he will come to-morrow. 4. I am
that this young man will succeed. 5. I am
that I was not mistaken.
to find you here, John, as I thought you had gone to your
1. I was
2. I am 3. I was 4. I was 5. I was
to see you here, George, as I heard you were dead.
to find my brother dead.
CLASSIFICATION OF ADVERBS
1. He is always here once a year.
What adverbs in the foregoing sentences express ideas of time? Of place? What adverbs answer the questions, how? why? how much? how little ? or, to what extent?
CLASSES AS TO MEANING
Adverbs may be divided as to meaning into the following classes:
CLASSES AS TO USE As to use, adverbs are either simple or conjunctive. The simple adverb is used only to modify, while the conjunctive adverb, in addition to modifying, has a connective use; as, “I will go now." "I will go when he comes.
Adverbs that modify the manner of the expression rather than the manner of the action are called modal adverbs; as, verily, truly, not, no, yes, etc.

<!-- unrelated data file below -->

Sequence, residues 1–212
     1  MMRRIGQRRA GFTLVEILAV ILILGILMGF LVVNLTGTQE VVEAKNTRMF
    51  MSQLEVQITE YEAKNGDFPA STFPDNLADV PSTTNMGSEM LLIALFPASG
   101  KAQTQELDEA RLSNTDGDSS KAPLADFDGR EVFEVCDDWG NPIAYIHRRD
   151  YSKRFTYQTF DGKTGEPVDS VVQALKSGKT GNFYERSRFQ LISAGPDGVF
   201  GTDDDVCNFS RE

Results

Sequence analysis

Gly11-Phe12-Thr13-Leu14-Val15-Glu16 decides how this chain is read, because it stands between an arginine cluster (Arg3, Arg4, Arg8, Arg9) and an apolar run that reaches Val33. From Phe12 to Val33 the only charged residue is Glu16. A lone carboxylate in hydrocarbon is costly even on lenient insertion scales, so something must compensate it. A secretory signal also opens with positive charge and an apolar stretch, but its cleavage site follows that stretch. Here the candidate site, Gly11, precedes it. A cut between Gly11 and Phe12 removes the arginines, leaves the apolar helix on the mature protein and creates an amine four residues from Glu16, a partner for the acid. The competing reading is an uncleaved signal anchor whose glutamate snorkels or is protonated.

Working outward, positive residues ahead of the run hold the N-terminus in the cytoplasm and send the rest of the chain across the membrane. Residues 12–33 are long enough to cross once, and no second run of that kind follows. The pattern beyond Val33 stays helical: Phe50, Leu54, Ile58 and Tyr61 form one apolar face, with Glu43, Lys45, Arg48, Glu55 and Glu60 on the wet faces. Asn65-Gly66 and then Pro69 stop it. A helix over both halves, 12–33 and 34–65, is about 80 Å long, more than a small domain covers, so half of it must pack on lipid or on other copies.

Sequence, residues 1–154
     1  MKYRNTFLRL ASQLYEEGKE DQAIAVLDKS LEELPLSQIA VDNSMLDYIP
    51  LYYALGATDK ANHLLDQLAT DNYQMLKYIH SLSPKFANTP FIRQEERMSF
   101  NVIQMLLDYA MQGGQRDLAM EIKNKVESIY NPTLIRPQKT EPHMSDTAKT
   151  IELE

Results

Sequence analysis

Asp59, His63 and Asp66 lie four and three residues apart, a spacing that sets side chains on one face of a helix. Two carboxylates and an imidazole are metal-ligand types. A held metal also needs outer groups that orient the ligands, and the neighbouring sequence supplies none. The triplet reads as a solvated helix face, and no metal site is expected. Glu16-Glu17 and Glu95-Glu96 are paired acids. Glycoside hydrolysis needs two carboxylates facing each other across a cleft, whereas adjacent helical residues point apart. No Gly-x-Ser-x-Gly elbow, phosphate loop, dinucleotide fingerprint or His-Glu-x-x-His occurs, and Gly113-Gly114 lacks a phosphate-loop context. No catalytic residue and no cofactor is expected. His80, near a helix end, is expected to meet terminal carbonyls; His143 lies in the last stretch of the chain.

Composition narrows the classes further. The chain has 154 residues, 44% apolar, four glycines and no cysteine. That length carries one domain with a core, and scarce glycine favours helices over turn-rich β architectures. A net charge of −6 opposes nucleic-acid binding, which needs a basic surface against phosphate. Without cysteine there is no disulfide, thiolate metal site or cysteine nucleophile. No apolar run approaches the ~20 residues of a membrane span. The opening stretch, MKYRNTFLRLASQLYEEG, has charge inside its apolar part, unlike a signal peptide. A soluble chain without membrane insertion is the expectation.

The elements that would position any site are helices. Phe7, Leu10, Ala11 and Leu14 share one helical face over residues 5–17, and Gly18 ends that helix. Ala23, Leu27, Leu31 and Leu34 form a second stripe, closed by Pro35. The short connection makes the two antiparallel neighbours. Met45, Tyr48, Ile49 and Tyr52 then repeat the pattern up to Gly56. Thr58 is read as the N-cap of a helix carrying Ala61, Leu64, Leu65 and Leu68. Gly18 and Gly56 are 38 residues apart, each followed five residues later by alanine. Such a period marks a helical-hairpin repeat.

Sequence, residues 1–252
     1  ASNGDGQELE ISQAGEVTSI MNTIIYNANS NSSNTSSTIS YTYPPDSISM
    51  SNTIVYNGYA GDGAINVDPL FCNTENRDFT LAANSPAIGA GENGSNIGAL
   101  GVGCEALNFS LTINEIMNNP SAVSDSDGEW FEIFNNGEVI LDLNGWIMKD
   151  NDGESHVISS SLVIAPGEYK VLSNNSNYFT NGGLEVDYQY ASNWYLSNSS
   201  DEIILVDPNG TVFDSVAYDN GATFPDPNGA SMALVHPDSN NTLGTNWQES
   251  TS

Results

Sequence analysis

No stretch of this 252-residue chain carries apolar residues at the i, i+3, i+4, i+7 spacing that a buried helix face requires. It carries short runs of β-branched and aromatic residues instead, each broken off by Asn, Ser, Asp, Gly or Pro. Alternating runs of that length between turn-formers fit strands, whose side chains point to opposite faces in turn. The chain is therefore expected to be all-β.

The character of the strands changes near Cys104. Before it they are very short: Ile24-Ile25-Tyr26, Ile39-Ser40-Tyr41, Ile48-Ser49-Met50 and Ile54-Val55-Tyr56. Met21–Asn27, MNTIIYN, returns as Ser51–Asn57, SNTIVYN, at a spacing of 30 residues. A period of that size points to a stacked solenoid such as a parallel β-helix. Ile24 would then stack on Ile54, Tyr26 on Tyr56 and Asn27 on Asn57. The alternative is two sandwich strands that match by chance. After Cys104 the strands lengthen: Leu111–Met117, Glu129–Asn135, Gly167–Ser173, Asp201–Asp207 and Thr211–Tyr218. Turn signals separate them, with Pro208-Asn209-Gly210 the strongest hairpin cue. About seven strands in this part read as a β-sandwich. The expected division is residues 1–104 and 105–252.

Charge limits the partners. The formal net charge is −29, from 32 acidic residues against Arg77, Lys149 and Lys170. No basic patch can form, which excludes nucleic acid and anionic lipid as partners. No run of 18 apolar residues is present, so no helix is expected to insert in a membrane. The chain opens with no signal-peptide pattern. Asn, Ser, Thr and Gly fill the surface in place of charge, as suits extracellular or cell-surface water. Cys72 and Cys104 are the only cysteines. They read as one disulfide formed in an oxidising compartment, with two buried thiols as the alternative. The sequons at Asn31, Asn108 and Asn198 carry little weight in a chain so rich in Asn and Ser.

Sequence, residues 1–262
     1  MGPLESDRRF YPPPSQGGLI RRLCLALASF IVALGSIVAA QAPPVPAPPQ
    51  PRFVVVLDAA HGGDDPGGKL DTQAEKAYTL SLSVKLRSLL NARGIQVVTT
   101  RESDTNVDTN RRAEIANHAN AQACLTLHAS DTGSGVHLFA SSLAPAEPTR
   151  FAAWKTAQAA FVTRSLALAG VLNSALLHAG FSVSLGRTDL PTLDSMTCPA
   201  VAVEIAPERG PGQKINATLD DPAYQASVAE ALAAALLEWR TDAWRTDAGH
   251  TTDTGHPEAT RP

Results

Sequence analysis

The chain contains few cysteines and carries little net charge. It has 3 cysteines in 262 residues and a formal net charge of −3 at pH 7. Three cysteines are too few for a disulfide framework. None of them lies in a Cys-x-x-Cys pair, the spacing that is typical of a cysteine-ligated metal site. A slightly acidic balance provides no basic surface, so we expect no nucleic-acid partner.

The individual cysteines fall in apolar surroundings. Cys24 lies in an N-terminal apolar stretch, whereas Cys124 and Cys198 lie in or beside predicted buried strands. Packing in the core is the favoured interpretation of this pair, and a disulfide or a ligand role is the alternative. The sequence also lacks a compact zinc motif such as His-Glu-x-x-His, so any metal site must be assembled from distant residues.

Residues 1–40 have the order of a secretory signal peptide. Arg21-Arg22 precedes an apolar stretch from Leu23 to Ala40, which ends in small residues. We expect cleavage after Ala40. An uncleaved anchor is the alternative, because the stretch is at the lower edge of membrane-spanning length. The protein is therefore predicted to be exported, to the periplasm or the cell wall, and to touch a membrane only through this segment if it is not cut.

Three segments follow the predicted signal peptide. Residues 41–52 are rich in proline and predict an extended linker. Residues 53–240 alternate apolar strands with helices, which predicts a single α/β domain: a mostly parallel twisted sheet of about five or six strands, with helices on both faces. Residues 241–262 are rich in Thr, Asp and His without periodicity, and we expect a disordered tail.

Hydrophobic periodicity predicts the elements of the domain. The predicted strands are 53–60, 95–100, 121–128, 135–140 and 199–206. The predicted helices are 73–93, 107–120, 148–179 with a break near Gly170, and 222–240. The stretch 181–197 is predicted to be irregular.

ADJECTIVE OR ADVERB Whenever the verb expresses action the adverb is required. If the verb expresses no action the adjective is required. The adjective always has reierence to the subject; the adverb refers to the action of the verb. Study the following illustrations:
COMMON ERRORS IN THE USE OF ADVERBS
I do my studying at night. The two men almost fought, but the The two men ncarly fought, but the officer kept them apart.
officer kept them apart. I am awfully afraid that it will rain. I z'ery much fear that it will rain. I could not find him any place. I could not find him anywhere. I shall go anyhow.